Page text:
On Not Being Anxious About Anxiety

There are two ways in which philosophy can help us with anxiety: a specific doctrine may offer us a prescription for how to rid ourselves of anxiety; and philosophical method—self-introspection and reflective thinking—may help us understand our anxiety better. While fear and worry (and their resultant stresses) are grounded in specific objects and circumstances, ‘anxiety’Continue reading “On Not Being Anxious About Anxiety”

Iris Murdoch On Interpreting Our Messages To Ourselves

In Iris Murdoch‘s Black Prince (1973), Bradley Pearson wonders about his “two recent encounters with Rachel and how calm and pleased I had felt after the first one, and how disturbed and excited I now felt after the second one”: Was I going to “fall in love” with Rachel? Should I even play with theContinue reading “Iris Murdoch On Interpreting Our Messages To Ourselves”

Lionel Trilling As Philosopher Of Culture

In Freud and The Crisis of our Culture, Lionel Trilling writes: The idea of culture, in the modern sense of the word, is a relatively new idea. It represents a way of thinking about our life in society which developed concomitantly with certain ways of conceiving the self. Indeed, our modern idea of culture may beContinue reading “Lionel Trilling As Philosopher Of Culture”

Anticipating Another Encounter With Books And Students

This coming fall semester promises to be a cracker: I have the usual heavy teaching load of three classes (including two four-credit classes whose lectures will be one hundred minutes long, thus making for a very exhausting Monday-Wednesday sequence of teaching running from 9:05 AM to 3:30 PM, with an hour break between the secondContinue reading “Anticipating Another Encounter With Books And Students”

Writing And Therapy

Writing can be therapeutic. Not just autobiography and memoir, the obvious venues of this particular kind of clinic; letters, novels, short stories, poems, screenplays, can all enable a ‘working through‘ because they call upon a kind of ‘remembering,’ a dynamic ‘free association,’ unprompted and unbidden, that trawls through the various levels and layers of ourContinue reading “Writing And Therapy”

Freud As Writing Stylist And Pedagogy Instructor

In Freud, Jews and Other Germans: Master and Victims in Modernist Culture¹(Oxford University Press, New York, 1978), Peter Gay writes: All of Freud’s biographers devote an obligatory page to the efficiency and beauty of his prose–not without reason. Freud’s stylistic achievement is all the more remarkable considering the spectrum of his publications…Freud’s case published caseContinue reading “Freud As Writing Stylist And Pedagogy Instructor”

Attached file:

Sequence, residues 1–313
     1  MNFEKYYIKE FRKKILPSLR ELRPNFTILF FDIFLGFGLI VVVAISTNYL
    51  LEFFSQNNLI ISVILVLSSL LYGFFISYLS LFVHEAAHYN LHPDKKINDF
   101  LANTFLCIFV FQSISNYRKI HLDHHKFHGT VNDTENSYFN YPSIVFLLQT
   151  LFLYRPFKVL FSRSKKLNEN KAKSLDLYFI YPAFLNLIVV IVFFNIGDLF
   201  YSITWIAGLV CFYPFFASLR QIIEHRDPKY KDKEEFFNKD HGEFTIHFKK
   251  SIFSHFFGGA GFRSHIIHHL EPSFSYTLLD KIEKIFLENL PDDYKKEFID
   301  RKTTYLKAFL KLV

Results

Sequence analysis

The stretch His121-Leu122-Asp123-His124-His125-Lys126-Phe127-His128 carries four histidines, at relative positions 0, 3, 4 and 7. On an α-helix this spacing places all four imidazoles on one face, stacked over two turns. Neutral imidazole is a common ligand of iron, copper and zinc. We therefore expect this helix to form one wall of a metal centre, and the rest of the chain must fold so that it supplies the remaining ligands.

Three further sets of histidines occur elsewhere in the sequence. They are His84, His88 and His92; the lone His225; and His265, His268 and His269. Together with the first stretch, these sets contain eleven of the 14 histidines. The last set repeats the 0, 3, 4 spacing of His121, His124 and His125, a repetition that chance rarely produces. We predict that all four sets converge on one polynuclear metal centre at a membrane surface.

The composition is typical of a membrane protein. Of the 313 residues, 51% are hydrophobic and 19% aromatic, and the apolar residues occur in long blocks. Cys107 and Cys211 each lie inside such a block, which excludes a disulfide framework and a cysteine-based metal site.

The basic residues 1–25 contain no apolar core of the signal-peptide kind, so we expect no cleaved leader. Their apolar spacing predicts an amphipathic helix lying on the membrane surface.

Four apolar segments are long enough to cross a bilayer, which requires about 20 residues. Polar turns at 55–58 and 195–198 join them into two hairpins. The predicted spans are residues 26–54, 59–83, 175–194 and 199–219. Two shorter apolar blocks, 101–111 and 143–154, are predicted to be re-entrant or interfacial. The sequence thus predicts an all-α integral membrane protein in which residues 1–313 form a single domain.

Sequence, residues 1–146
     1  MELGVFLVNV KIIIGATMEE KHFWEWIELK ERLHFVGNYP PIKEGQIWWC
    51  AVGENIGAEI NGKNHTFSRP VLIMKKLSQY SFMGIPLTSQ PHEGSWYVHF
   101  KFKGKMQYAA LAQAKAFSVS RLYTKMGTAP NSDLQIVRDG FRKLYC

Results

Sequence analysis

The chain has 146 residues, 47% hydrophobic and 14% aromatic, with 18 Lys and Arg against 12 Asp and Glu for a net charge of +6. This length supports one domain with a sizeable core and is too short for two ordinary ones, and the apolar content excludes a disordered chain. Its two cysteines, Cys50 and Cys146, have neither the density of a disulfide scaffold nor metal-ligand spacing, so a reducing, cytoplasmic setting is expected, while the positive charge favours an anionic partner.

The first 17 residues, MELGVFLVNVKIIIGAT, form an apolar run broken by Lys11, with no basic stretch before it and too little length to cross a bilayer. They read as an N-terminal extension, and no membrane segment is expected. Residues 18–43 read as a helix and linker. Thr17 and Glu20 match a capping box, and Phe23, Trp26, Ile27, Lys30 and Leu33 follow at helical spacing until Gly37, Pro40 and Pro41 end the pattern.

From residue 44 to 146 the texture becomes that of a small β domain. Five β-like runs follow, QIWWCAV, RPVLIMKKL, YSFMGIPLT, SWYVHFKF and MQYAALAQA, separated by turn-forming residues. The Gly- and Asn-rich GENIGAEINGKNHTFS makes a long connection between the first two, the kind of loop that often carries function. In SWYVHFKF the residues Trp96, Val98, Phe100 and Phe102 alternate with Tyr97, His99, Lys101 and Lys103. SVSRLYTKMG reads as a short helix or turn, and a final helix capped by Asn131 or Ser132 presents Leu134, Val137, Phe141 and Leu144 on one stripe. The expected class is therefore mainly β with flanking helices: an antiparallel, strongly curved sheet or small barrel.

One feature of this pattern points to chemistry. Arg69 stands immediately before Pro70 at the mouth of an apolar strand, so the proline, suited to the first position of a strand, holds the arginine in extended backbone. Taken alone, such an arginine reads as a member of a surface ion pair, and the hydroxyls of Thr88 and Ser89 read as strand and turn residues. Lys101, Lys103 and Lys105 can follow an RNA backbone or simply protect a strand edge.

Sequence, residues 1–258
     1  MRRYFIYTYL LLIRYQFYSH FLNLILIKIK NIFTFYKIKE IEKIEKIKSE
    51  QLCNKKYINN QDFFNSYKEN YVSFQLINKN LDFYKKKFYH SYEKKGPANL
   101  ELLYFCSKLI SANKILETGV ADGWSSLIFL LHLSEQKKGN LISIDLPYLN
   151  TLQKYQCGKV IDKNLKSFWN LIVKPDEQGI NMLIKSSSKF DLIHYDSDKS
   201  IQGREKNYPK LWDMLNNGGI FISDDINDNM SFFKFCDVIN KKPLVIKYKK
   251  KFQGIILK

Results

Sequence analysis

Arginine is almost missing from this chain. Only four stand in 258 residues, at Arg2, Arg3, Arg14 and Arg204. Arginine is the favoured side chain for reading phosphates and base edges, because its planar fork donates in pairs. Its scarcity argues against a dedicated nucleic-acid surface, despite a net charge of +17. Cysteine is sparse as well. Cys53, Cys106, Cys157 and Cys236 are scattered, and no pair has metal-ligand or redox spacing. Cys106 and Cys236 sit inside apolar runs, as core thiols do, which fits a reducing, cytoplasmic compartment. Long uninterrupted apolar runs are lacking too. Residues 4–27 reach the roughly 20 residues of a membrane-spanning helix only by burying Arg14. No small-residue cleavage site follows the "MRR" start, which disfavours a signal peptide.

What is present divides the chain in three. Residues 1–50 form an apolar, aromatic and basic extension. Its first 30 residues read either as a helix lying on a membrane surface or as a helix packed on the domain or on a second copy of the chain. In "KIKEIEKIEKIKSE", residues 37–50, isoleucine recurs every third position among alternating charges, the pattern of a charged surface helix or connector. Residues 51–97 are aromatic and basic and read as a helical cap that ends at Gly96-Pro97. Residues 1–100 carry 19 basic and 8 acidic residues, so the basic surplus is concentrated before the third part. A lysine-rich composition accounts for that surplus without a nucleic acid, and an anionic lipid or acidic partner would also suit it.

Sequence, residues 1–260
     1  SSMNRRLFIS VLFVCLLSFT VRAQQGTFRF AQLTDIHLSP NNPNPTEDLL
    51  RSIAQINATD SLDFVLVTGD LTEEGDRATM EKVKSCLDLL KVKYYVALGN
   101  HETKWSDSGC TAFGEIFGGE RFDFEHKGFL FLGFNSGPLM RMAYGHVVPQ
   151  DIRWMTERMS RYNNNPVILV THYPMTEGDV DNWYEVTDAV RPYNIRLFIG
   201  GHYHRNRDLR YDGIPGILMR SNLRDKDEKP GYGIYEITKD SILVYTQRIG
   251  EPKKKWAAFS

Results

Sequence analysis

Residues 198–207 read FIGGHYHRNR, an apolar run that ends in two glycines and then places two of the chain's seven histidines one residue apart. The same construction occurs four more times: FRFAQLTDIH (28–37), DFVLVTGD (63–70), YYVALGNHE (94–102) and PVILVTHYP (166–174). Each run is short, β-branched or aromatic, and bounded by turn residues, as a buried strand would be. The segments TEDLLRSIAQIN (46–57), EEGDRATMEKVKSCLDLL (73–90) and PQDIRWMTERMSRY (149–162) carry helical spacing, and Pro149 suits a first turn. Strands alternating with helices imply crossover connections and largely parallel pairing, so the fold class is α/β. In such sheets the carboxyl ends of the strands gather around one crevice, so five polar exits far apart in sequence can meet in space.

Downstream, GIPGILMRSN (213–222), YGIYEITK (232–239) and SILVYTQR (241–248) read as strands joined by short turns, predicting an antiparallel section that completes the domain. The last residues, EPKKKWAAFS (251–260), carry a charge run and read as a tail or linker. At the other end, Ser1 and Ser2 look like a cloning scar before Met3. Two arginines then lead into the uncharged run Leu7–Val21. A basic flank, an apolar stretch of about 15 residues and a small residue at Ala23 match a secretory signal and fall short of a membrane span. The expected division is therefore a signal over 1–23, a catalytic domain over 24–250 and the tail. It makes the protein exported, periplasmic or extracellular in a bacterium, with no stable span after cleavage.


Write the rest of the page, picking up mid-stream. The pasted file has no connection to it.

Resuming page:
The Republican Party And The Disavowal Of Donald Trump

In response to my post yesterday on the liberal ‘impeachment of Donald Trump’ fantasy, which rests on a fallacious delinking of Donald Trump from the Republican Party, Seth Brodsky writes (over at Facebook): I agree—passionately—that the desperate attempt to delink the GOP from Trump is…a fantasy. But I don’t think it’s a fantasy held onlyContinue reading “The Republican Party And The Disavowal Of Donald Trump”

Irène Nèmirovsky On The Failure To Recognize Failure

In The Fires of Autumn (Vintage International, New York, 2015, p. 186) Irène Nèmirovsky writes: Mankind can only easily get used to happiness and success. When it comes to failure, human nature puts up insurmountable barriers of hope. The sense of despair has to remove those barriers one by one, and only then does penetrate to theContinue reading “Irène Nèmirovsky On The Failure To Recognize Failure”

The Cannibalism Taboo And Becoming A Ghost

The use of cannibalism in Lon Fuller‘s “The Case of the Speluncean Explorers“–which I assigned as a reading this semester to kick off my philosophy of law class’ take on the nature of law and legal interpretation–is, of course, a deliberate choice to render the circumstances of that fictional case especially dramatic, to place theContinue reading “The Cannibalism Taboo And Becoming A Ghost”

Donald Trump And Organized Labor’s Death Wish

Over at Rolling Stone, Matt Taibbi makes note of a distinctive and troubling feature of modern American political life, the seeming death wish of American organized labor: Every four years, some Democrat who’s been a lifelong friend of labor runs for president. And every four years, that Democrat gets thrown over by national labor bossesContinue reading “Donald Trump And Organized Labor’s Death Wish”